malm sultanpuri?

Discussion in 'Poetry' started by AbdalQadir, May 31, 2021.

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  1. YaMustafa

    YaMustafa Well-Known Member

    Important not to “dumb down the audience”. People are capable of following difficult concepts so long as its explained in a logical manner. Shaykh Asrar often does use technical terms but he always explains/defines these. His talks are also on point and be delves straight in to the topic with no ‘time-wasting’. With many speakers after listening to hamd and salawat I skip the 10 or so mins that follows it
  2. Surati

    Surati Well-Known Member

    Glad we are on the same page. Shaykh Asrar’s target audience is educated adults who have an interest in theology not the “youth” (under 20s) as he would like to think or should be targeting.

    Gen-Z and Millenials read Harry Potter because it is in simple English with an engaging story.

    If you feel the problem is not Shaykh Asrar’s pragmatics then I suggest that as an experiment, you ask the youth and people outside of your circle what they think of his delivery in speech and in writing.

    Have you read Shaykh Asrar’s book? He utilises labyrinthine, arcane locutions to expound his arguments, rendering them tortuous (See, I could have said the same sentence in a much simpler way. A few lines might be okay but the entirety of a book? Tiring. Exhausting even).

    You would appreciate that word choice is integral to the reader's experience as it highly impacts on how the content flows, and on the reader's attention.

    There is no need to hide his amazing ideas/contributions behind such language which puts off the reader. If your reader is having to stop at every other line to ponder on what you mean then they’ll soon put the book down.

    Would it hurt to write the same thing in a simple fashion such that any reader can understand it? Maybe then he would truly be targeting the “youth”.

    I am presuming from your answers that you don’t have kids. AH’s vocabulary in his books is accessible to most teens. Even if there may be some harder words, the way he writes grabs your attention for a much longer time.

    Be like Abu Hasan. Write once, write well.

    Chishti Nizami and Unbeknown like this.
  3. Unbeknown

    Unbeknown Senior Moderator

    well, if the situation is really as you say it is, then this could be categorised as a problem unique to gen-z (or whichever letter they are currently on) - otherwise who is consuming all the well-written information scattered across the internet (a lot of it paid as well)?

    I don't think this applies to educated adults - especially if they have lived in the West since birth.

    besides, though some dismiss them as cliché-studded superficial reads, popular fiction (like the Harry Potter series, for example), seems to suggest that the problem is not one of vocabulary or language - but of subject matter, motivation and interest.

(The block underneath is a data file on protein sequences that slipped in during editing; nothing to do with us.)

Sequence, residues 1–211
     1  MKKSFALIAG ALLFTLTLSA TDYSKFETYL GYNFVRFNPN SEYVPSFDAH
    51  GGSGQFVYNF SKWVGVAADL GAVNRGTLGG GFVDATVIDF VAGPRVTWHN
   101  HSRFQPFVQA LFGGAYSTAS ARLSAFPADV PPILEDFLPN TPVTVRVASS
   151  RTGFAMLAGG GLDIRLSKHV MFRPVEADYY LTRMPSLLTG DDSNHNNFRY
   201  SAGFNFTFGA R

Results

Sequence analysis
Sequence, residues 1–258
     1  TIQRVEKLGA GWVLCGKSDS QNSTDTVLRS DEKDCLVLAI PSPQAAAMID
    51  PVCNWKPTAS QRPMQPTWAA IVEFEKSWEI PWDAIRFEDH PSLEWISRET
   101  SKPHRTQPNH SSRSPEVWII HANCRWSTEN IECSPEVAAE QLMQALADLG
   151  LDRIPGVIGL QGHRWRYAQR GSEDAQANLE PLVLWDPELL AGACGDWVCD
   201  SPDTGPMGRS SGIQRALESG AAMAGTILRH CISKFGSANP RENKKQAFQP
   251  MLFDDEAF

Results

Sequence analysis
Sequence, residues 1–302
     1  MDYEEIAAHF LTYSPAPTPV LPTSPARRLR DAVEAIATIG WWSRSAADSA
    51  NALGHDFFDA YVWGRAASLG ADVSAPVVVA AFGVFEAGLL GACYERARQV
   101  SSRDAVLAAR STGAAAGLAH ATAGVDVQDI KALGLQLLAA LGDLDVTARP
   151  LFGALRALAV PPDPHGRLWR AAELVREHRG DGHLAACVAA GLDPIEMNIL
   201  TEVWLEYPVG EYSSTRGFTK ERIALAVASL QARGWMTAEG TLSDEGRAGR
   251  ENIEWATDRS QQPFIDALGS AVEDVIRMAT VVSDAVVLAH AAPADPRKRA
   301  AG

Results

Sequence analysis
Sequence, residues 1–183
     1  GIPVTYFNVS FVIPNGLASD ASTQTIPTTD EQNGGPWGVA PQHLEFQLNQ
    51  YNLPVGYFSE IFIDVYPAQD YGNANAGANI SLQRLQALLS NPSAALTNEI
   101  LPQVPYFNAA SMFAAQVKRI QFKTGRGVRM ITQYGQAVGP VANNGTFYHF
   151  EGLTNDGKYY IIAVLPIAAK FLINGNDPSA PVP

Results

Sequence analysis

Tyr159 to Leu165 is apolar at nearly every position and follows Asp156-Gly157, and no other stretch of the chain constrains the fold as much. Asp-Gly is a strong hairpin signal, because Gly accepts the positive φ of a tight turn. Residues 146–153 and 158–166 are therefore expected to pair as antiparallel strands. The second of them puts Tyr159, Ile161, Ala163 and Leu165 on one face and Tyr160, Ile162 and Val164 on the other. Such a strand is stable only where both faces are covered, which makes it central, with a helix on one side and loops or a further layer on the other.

again, I feel that the subject matter and the cultural environment are to blame (or credit, depending on how you take it) rather than the terse voacabulary of those who speak on religion.

    I'd be happy if people "enjoyed" ridawipress titles. afterall, these are well-written.

    But the irony is that, people complain against mawlana's books too. There are those who say that it's difficult to parse them. I have personally received one such feedback.

    If you say that Mawlana's vocabulary is digestible and sh. asrar's is not, then I would again conjecture that the problem lies elsewhere, instead of vocabulary or sentence structure.

    again, an average over that wide a sample space tells us precious little about the actual state of affairs viz a viz the target audience of Anglo-Muslim speakers/authors.

    I don't think that is a fair comparison. Politics is a game of smokes and mirrors - and there are different motivations at play on both sides.

    I ain't saying there is no problem - but I think we need a deeper diagnosis - from several perspectives.

    wa Allahu a'alam
  4. AbdalQadir

    AbdalQadir time to move along! will check pm's.

    Yes, most sales courses teach and copywriters know that the average adult's reading and comprehension is at the level of a 13 yr old (school year 8), regardless if you're explaining to them the benefits of iPhone pro max, or if you're explaining to them the Shar3i daleels for the permissibility of chehlum.
  5. Surati

    Surati Well-Known Member

    Nopes, not just legal technicalities, his English in general. For youngsters, I don’t think language is the only barrier. Being engaging to them involves a complex interplay of factors.

    I enjoyed Shaykh Asrar’s book however it is not for a 14-15 year old (whose friend at school is bombarding him with Atheist rhetorics).

    As a contrast, kids can easily understand Abu Hasan’s books. Mastery of a topic’s delivery in writing (especially if your target is the “youth”) entails being able to be easily understood and not break the concentration of your reader.
  6. Surati

    Surati Well-Known Member

    Yup. People are not as “academically oriented” nowadays. Welcome to the world. This was more in relation to his book, btw.

    Hamza Yusuf and Abdul Hakim Murad have the same problem as Shaykh Asrar. Their delivery is more suited to academically oriented young adults/older crowd. Even though all three of them might think they are targeting youngsters (by this I mean younger than 20s when their personalities are forming), that’s not the reality.